The book of Malachi closes out the Old Testament. The prophet’s name is mentioned in 1:1, but nowhere else in the Bible. His name is descriptive and quite appropriate for his message. Malachi means “my messenger.” He focused on the duties and failings of the Levitical priests of his day, whom he described as “the messenger of the LORD of hosts” (2:7). In 3:1, Malachi foretold the coming of John the Baptist, identified as “My messenger” who “will prepare the way before Me” (cf. Mark 1:1-4). And then in the latter portion of 3:1, Malachi spoke of Jesus as “…the Lord, whom you seek … even the Messenger of the covenant…”

In Malachi’s day (mid-400s BC) Jerusalem, its walls, and the temple had been rebuilt, but the inhabitants of the land were not faithful to the Lord. Their unfaithfulness is displayed through a series of disputes between God and His people.

Dispute #1 (1:1-5): God expressed His love for Judah, which they immediately questioned. God had established a covenant with their forefather Jacob, while the posterity of Esau was laid waste and made desolate. He had cast down Edom but magnified Israel.

Dispute #2 (1:6-2:9): God accused His people of failing to give honour and reverence to the Lord and His name. They retorted, “In what way have we despised Your name?” The people brought defiled sacrifices to the Lord and the priests had departed from His ways.

Dispute #3 (2:10-16): God indicted the people for profaning their worship and dealing treacherously with their wives. Of course, they denied it, but the LORD supplied the proof—they had been divorcing their Hebrew wives and marrying daughters of foreign gods. In doing so, they broke their covenant with God and profaned the institution of marriage.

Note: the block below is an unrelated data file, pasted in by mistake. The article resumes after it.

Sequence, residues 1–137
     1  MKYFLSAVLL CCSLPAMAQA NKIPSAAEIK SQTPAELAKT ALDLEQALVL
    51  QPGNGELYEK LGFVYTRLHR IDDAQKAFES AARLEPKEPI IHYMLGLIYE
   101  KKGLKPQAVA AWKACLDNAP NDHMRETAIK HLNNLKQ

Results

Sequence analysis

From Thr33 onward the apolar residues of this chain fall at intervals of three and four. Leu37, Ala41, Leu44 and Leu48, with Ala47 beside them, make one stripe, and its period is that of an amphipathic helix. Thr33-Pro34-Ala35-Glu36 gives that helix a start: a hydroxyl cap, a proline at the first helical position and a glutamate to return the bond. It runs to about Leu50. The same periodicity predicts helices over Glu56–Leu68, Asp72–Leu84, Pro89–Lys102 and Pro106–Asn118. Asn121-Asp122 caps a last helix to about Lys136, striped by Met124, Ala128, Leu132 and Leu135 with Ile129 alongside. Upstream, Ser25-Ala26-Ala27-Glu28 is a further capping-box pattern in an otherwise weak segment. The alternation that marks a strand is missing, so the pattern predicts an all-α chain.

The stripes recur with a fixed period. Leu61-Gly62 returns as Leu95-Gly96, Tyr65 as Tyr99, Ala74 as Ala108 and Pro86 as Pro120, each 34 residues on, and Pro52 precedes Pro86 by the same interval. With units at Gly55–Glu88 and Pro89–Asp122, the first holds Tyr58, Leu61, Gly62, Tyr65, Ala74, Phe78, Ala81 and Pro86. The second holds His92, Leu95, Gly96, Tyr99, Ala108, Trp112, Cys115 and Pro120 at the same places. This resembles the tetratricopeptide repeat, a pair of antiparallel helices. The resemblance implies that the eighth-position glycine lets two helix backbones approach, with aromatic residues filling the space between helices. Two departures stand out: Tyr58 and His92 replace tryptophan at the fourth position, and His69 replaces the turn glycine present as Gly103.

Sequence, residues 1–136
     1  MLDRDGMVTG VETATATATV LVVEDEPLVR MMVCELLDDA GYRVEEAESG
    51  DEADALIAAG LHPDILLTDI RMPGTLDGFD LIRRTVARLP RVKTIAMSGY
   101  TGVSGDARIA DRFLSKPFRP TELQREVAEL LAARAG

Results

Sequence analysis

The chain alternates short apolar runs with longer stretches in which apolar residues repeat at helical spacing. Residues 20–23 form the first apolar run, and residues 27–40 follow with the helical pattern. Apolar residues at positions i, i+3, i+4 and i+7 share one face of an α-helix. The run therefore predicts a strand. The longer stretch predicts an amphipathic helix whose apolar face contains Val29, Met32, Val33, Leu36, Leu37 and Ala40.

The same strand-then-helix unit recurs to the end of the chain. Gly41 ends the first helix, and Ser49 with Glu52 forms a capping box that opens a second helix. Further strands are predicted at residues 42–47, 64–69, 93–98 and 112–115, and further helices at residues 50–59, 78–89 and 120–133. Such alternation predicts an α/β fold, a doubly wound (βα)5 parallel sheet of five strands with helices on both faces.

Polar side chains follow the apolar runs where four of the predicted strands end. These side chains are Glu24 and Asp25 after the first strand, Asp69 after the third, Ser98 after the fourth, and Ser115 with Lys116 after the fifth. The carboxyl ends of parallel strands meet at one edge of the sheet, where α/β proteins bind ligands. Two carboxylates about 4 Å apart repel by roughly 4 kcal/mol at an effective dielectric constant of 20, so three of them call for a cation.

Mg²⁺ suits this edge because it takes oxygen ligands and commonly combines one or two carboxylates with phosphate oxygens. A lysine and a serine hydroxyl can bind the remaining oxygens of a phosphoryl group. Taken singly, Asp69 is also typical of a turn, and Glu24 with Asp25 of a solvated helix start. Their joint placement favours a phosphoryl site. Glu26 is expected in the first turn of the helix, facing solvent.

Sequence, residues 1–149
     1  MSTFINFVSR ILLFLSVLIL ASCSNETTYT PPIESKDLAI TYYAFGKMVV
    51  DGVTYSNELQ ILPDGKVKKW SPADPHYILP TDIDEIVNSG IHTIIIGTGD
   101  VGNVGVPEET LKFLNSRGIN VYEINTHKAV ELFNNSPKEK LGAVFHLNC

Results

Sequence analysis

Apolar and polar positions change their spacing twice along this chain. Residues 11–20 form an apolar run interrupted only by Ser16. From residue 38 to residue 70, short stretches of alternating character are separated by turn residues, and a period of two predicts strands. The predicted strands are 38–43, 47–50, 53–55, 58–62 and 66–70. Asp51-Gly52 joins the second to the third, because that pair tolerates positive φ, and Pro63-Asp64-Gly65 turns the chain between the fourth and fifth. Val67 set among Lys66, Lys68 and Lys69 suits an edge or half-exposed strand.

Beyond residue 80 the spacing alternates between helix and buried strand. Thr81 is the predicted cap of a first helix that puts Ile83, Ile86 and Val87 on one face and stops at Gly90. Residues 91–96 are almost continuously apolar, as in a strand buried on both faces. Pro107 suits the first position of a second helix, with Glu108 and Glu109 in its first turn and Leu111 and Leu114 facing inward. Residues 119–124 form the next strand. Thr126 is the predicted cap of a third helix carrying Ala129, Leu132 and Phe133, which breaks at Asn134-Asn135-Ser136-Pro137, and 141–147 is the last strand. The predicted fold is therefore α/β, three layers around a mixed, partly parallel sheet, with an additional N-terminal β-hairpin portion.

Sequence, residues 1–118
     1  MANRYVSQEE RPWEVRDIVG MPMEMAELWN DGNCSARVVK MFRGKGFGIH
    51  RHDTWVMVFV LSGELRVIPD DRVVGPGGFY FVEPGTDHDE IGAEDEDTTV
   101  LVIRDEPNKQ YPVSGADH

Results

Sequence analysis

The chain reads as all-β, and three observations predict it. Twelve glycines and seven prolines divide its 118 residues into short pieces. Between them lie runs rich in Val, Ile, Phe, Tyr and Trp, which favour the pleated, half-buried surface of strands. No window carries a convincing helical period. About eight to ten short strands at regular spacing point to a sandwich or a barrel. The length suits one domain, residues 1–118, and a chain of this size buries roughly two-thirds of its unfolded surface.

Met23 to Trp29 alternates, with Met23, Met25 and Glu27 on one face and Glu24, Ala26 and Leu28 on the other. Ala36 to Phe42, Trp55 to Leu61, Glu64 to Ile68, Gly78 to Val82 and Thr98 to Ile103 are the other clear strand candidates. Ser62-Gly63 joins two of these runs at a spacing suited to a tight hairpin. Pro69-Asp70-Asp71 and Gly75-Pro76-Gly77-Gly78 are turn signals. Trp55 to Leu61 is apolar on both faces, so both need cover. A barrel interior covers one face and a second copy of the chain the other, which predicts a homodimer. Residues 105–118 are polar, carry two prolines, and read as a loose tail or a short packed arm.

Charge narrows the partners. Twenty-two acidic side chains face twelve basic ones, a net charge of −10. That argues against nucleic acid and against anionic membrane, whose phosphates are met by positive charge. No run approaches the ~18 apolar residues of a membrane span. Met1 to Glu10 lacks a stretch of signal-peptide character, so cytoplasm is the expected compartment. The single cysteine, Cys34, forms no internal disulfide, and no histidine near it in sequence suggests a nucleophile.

Dispute #4 (2:17-3:5): The people had made false charges against the Lord, namely that He wasn’t a God of justice, that He allowed injustice to prevail. To demonstrate His justice, He would send a messenger to prepare the people for the Messiah’s coming, and that the Messiah would refine and purify them. Though the LORD was patient, a time of judgment was imminent.

Dispute #5 (3:6-12): Though He was patient with them, God called upon the people to return to Him. Again, they disputes the need to return, “In what way shall we return?” The LORD proceeded to rebuke them for their failure to bring their tithes and offerings as they should. If they would serve Him according to His word, they would be blessed.

Dispute #6 (3:13-18): Once more the people claim serving God has no benefit to it—why should they walk as mourners before God while the proud and wicked prosper? The problem was their failure to discern between good and evil, but God revealed a time was coming when there would be a book of remembrance for those who fear and serve the LORD; these would be spared and be blessed by God.

Chapter 4 closes the book by focusing on the purification spoken of in the fourth dispute. The Messiah would come in righteousness “with healing in His wings,” The wicked would be brought to dust, but those who kept the law of God would be exalted. The final words are a reminder of the forerunner who would come before the Messiah, “…Elijah the prophet..” Not Elijah literally, but one who came in the spirit of Elijah—John the Baptist. He would come to correct and focus the people so they would be ready when the Messiah arrived.

Our next book summary will be of Matthew’s gospel.

Print Friendly, PDF & Email